“Do you want to see some dolphins?” Dimitrios Georgas asks me with a broad smile, as we stand in the middle of his family’s 20 acres of vineyards. In any other circumstance, it might be a surreal question for a vintner to ask you. But not here. A loudspeaker blast from the Attica Park Zoo, which you can see beyond the vines, has just announced its next dolphin show.
Georgas’ fields are only about 20 miles from downtown Athens, and only a couple of miles from the airport. With disdain, he points out a hollow shell that will be a multiplex cinema, if they ever get it built. This used to be “the countryside,” but now the city is spreading out, growing along the new roads built to connect the airport to the city for the 2004 Summer Olympics.
“When you flew in, you landed on what used to be some of my fields,” Georgas tells me. He was forced to sell some of his family’s land to the airport authority when the new facility was built. He says he’s under pressure to sell more land to developers.
“But you’re resisting?” I ask him.
“To a point,” he says.
Georgas’ family has been growing grapes and making wine here for generations. He remembers how back in the old days, which really weren’t so long ago, his grandfather and father would sell wine and retsina (that special Greek white wine laced with pine resin) by the barrel to small tavernas in Athens. He helped out around the winery when he was a kid, then went away to university never planning to come back and be a wine-maker. But he did come back, eventually. He expects his kids will follow a similar pattern.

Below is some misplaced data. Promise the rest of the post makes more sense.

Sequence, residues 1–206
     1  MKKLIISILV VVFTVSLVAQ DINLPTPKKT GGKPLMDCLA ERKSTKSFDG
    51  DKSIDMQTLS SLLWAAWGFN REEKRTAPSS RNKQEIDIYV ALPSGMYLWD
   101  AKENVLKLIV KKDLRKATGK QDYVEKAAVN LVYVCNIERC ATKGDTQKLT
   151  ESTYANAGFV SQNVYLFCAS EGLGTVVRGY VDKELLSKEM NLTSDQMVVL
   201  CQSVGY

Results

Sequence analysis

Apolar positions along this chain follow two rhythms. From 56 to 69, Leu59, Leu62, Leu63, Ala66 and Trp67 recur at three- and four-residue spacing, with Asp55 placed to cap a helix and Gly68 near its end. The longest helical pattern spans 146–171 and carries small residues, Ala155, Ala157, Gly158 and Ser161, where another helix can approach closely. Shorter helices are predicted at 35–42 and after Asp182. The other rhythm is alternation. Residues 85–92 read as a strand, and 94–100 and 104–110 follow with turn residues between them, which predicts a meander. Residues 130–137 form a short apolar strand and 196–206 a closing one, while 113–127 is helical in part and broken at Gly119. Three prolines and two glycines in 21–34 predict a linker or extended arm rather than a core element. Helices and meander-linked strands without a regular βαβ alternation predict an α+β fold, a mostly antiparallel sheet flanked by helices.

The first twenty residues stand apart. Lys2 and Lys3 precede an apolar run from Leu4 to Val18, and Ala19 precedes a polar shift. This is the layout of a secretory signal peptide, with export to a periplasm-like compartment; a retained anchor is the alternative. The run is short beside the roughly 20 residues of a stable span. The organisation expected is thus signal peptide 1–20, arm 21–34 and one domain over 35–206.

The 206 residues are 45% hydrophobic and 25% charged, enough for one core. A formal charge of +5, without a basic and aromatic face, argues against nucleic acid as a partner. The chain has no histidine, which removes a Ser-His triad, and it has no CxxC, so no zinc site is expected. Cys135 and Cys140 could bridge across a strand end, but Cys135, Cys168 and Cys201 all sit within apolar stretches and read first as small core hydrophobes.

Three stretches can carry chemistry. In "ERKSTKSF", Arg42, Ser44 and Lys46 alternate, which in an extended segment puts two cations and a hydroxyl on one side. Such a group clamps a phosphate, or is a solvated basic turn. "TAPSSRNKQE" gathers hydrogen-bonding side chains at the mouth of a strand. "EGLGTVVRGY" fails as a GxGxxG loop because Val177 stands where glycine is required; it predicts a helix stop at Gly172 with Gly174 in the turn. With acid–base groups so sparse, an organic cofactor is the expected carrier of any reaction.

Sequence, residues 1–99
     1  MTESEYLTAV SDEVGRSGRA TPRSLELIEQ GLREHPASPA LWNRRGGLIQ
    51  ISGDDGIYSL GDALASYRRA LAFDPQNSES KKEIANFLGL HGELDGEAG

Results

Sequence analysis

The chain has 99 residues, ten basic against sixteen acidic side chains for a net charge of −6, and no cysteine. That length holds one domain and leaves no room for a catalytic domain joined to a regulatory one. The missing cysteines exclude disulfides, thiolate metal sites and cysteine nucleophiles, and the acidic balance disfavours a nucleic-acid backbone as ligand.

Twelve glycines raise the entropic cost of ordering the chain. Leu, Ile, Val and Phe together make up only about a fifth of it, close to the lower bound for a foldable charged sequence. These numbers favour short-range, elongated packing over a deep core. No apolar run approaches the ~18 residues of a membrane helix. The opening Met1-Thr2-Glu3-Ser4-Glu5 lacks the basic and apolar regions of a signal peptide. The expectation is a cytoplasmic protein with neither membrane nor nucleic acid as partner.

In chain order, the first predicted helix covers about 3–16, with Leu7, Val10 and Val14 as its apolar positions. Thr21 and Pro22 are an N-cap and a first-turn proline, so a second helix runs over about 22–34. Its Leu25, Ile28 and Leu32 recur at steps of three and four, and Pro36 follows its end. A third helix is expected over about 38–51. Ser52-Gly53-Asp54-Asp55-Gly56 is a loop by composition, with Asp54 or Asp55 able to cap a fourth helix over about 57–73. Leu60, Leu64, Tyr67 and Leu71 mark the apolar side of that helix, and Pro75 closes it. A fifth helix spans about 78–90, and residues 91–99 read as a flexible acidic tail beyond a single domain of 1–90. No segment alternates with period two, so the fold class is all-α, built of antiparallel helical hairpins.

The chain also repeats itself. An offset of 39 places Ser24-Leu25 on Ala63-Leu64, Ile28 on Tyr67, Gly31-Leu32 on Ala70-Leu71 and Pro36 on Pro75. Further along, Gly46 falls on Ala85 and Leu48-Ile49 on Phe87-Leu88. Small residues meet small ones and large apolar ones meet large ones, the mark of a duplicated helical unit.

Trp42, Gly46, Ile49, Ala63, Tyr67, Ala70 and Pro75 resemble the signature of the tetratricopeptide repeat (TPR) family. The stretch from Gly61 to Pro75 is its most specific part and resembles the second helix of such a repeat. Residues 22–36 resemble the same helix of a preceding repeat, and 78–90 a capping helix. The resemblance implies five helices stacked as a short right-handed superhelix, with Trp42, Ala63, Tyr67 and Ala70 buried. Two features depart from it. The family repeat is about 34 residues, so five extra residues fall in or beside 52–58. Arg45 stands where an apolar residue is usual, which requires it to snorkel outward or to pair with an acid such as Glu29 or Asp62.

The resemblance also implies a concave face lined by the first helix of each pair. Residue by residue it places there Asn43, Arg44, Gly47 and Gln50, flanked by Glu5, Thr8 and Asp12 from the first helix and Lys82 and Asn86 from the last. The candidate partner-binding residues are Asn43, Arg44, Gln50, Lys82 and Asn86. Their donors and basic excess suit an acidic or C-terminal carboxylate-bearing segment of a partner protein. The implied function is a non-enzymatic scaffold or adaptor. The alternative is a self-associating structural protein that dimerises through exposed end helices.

The operation here isn’t big, and Georgas likes it that way. He tells me that after a morning at the computer, he takes great pleasure in getting out into the fields and tending the vines. He doesn’t want to grow too big, he says, because then he’d be forced to spend more time in front of that computer, and less time in the fields.
Georgas grows a few different grape varieties, and bottles a combination of reds, whites, and retsina. He also makes all natural juices and concentrates. He has chosen quality, and uniqueness, over quantity. The winery produces around 50,000 bottles worth of products a year. All of his wines, juices and concentrates are certified organic. He tells me with pride that a professional soccer team in Athens uses his juices after practice as an energy booster.
Georgas does a few exports, less than ten percent of his total production. He sends some of his products to Austria, and some to France. He knows his target audience, and he likes to sell to them as directly as possible, through farmers markets and organic food stores and the like. He did tell me he’s looking to export his grape juice concentrate (you can cut it with water and make juice, or even use it like syrup on pancakes) to New York.
“There’s no use trying to sell a cabernet in New York,” he says. “I think they have enough of those already.”
As for the economic crisis, Georgas shrugs. Unlike other Greek wineries, he says, he is not burdened by debt. That’s one of the reasons he kept the operation small. He does have very modern equipment, some of which was paid for by European Union money. But it was a good investment, he says. You need good technology to produce a certified organic product, he says, and being organic he can charge a bit more for his wines and other goods. He vows he will never add sugars or other additives just to get his wine to a certain price.
“So, you and your family are doing OK, then?” I ask, just to nudge him a bit.
“Look, we don’t drive Porsches or Mercedes. We have what we have, and that’s enough.”
He picks up his glass of rich red wine, and points to it with his other hand.
“There is no crisis here.”